2. Identity Access Management: Appropriate mechanisms to ensure authentication and authorization of your continuous delivery process and tool are eminent. Your continuous delivery tool should follow protocols such as RBAC, Oauth 2.0.
  3. Integration with 3rd party tools: Make sure your CD pipeline is compatible with SAST and DAST scanner. You can automatically perform code analysis and find security vulnerabilities of your release while delivering the application. Learn more about CD security.
  4. Compliance and Audit: Ensuring compliance of continuous delivery processes to various industry standards is a must. Companies often make headlines for whooping penalties due to non-adherence to industry standards such as PCI, HIPAA, GDPR, and SOX. Automated policy-enforced pipelines will act as gates and guardrails to prevent developers from inadvertently introducing software risks. Read more on Why and How to Make CICD Pipeline Compliant and Auditable.

 

#4. Stop your team from spending hours on risk analysis and approvals

Companies who have implemented continuous delivery are concerned about their speed of delivery. They feel their delivery time is still not less as expected. The main reasons are their manual approval time takes at least 3 hrs per release. Besides approval time, assessing the risk of releases manually in each stage of continuous delivery doubles the delay. 

Risk assessment is challenging for three reasons:

  1. Risk assessment of a release in various stages are different and carried out by separate stakeholders. ( The developer will do a risk assessment of the build. Similarly, the tester would assess test scenarios, and ops will judge a newly deployment if it good to go into production or requires rollback)
  2. Dev, Test, and Ops need contextual knowledge for diagnosis and triage of issues.
  3. Data from various tools need to be gathered and correlated to derive insights. This is very difficult for the human eye.

Approval would take all the time because:

  1. Approvers lack 360-degree visibility. 
  2. Lack of fine-grain policies to scale to 1000 apps and users.

Time Taken for Approvals and Risk Assessment in Continuous Delivery process

Implementing continuous verification using Autopilot, which can integrate with your existing CICD tools, will automate manual non-core activities. Automated verification tools use AI/ML algorithms to find out the risk of releases. It can take an automated decision to progress your release to your pipeline’s next stage based on the risk reports or canary analysis.

Autopilot for Automated Decisioning in CICD Process

Software like OpsMx Autopilot helps many enterprises identify performance and quality regression in build, test, and deployment stages. It seamlessly integrates with existing APM tools like ( Dynatrace, AppDynamics, Prometheus, New Relic, etc.) and Log Analyzers (Sumo Logic, Splunk, Loggly, etc.) metrics and log data and performs automated risk analysis.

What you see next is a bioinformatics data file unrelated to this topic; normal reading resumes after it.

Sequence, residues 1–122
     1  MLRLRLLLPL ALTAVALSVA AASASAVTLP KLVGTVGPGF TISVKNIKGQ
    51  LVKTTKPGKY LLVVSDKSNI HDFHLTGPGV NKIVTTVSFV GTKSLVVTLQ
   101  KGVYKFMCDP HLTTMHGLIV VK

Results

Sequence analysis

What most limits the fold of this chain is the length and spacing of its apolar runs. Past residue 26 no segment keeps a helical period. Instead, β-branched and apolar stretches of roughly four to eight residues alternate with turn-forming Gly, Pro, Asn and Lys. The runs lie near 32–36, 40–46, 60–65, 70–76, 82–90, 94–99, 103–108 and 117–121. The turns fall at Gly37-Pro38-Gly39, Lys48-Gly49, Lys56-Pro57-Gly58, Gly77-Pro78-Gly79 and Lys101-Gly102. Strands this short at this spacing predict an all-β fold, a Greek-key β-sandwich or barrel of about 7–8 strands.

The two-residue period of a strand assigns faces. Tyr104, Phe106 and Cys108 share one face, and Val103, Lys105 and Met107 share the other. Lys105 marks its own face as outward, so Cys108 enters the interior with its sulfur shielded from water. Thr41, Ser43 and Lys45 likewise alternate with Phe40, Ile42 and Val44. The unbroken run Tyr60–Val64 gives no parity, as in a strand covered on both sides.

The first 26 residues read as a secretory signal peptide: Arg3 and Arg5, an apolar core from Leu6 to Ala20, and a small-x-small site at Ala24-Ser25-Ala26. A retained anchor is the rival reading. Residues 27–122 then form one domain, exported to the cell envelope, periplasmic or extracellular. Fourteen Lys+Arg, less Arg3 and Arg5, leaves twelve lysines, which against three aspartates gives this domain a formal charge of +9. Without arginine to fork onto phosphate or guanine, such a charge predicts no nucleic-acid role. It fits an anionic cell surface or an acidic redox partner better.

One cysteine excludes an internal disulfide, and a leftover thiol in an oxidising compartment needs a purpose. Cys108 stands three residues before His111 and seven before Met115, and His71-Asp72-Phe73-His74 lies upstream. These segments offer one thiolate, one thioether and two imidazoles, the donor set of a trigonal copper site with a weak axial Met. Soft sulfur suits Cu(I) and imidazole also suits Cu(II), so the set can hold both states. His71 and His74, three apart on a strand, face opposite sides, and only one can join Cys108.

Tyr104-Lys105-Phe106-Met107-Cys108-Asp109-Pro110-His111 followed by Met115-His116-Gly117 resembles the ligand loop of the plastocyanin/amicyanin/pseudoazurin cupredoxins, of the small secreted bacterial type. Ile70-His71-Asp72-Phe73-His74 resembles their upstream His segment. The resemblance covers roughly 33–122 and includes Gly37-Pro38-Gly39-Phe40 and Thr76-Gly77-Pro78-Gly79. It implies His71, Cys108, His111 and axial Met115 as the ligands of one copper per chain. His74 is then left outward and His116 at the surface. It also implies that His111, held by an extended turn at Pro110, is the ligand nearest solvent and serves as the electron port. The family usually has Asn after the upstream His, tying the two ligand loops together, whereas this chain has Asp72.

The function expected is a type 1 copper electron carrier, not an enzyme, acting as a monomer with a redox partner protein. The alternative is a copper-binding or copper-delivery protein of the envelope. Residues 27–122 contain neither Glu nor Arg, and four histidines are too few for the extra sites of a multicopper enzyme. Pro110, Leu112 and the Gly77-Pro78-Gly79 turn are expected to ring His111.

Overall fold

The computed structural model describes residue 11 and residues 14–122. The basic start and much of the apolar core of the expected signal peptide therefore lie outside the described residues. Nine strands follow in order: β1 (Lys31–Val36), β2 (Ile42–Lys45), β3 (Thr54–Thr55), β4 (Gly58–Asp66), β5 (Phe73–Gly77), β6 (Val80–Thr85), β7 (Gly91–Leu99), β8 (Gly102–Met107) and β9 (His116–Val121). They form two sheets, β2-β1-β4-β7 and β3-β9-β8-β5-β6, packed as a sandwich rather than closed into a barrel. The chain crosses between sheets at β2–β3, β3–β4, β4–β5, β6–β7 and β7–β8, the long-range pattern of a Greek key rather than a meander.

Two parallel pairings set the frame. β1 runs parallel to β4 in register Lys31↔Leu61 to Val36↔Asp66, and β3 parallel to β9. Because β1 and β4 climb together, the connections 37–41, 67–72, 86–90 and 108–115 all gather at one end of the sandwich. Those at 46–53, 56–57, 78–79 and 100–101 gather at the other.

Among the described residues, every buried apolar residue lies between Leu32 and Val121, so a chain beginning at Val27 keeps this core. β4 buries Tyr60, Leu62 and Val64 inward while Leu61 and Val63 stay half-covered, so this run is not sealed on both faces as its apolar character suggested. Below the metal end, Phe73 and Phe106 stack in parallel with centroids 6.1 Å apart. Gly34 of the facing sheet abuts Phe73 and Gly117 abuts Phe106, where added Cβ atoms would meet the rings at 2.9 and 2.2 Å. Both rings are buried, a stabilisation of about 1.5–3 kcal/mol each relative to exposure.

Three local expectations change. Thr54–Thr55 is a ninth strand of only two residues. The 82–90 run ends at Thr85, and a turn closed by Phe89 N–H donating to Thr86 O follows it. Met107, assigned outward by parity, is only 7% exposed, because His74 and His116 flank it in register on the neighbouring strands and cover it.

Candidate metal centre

#5. Stop being digital dinosaur

According to a Forrester report titled The Future of Business is Digital, by Nigel Fenwick and Martin Gill, it is essential to regularly harness technologies for improving agility and operational efficiency. Otherwise, companies will be lost like prehistoric Dinosaurs. Implementing continuous delivery(CD) process will not be enough; one has to measure the KPIs and continually upgrade. Lack of essential metrics and dashboards hurt the CD process and enterprise. All the team members, including developers, testers, ops, senior management, and key stakeholders, must have clear visibility and a single source of truth. Different team members have other priorities and need different metrics to monitor, measure, and improve their CD initiative’s effectiveness. There must be a progressive assessment of releases in your CD dashboard, which will be useful for DevOps leaders and dev, test, ops team, SREs, and auditors. Some valuable metrics to consider for the groups are:

  • Number of deploy-ready and failed builds
  • Number of Bugs, Number of failed test scenarios
  • Number of application deployed into production per day
  • Deep insights about CD pipeline execution
  • The health of a newly deployed application 
  • Lead time between code commit and production, or between code commit and feedbacks after validation
  • Meantime between build failures, bug resolution, and recovery
  • Production downtime during deployments
  • Mean Time to Resolve ( MTTR)

#6. Stop tinkering with monolith systems

A report by Atlassian suggests that more than 70% of respondents (engineers, DevOps practitioners, and CTOs) agree microservices being easy to test and deploy features. Not that continuous delivery tools don’t support monoliths, they do. However, for starters, it is advisable to use microservices for continuous delivery.

A few DevOps managers start with monolithic systems. It will be complicated because there will be thousands of interdependent applications using legacy technologies. It may be time-consuming to set up an automated deployment process for monoliths and perhaps not scalable.

If you plan to start your continuous delivery(CD) journey or have already commenced one, we would like you to be aware of the points to make your CD useful. After all to set up continuous delivery, companies invest thousands of dollars, pour in tremendous effort in upskilling, and set high expectations. Hence avoid the pitfalls as mentioned earlier and deliver software speedily, safely, and sustainably.


OpsMx is a leading provider of Continuous Delivery solutions that help Fortune 500 companies safely deliver software at scale and without human intervention. We help engineering teams take the risk and manual effort out of releasing innovations at the speed of modern business. For additional information, contact us

Leave a Comment

Your email address will not be published.

You may like